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C Style: Standards and Guidelines (contents)

CHAPTER 9 : Data Usage

PART 4 : USAGE

CHAPTER 9 : Data Usage
9.1 Declarations
9.2 Using floating point numbers
9.3 Using 'typedef'
9.4 Using global data
9.5 Using Structures
9.6 Using Unions
9.7 Using Arrays
9.8 Using Pointers
9.9 Using bit structures
9.10 Using Constants
9.11 Using 'static' declarations
9.12 Initializing variables
9.13 Summary

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9.11  Using 'static' declarations

Data items and functions which are only referenced within a single file may be declared static, to limit their scope to this file only. This can be annoying when debugging, as a static name may not appear in the external symbol map, and the item can consequently not be found. A solution is:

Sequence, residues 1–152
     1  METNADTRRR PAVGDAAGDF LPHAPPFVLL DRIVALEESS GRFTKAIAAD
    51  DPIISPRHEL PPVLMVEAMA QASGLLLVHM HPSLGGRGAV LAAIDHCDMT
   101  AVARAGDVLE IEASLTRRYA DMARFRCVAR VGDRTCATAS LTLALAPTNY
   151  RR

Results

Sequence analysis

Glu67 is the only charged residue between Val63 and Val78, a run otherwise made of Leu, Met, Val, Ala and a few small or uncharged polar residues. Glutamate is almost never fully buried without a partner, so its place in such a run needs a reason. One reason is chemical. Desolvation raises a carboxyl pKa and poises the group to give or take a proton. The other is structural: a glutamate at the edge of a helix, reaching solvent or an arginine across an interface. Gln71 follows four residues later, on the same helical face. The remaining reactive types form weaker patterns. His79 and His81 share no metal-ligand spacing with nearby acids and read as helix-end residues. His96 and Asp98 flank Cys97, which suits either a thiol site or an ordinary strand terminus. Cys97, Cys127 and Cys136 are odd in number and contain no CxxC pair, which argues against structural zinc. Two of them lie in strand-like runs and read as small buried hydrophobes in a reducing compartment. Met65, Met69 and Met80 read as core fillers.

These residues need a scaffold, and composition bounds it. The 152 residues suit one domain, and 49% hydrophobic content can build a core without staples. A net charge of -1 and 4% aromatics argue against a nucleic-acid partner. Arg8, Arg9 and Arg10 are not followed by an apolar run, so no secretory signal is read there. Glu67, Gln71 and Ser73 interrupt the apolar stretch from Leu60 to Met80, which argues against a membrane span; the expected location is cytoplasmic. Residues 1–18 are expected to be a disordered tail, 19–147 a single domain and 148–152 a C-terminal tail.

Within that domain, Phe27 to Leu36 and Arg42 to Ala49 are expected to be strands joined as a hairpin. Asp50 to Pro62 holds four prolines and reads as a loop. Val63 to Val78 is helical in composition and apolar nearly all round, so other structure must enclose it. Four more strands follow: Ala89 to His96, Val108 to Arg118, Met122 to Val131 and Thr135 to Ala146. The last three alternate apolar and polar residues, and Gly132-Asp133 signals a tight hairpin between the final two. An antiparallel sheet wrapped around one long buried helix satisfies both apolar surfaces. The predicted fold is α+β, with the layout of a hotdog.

/* common.h */
#ifdef DEBUGGING
#    define PRIVATE          /* make private items public           */
#else
#    define PRIVATE static   /* make private items private          */
#endif

/* kbdread.c */
#include "common.h"
...
PRIVATE     int     LastStatus;

-----------------------------------------------------------------------

This does go against the principle of not redefining the language, but it can provide a standard solution to the static vs. debuggable problem.

 

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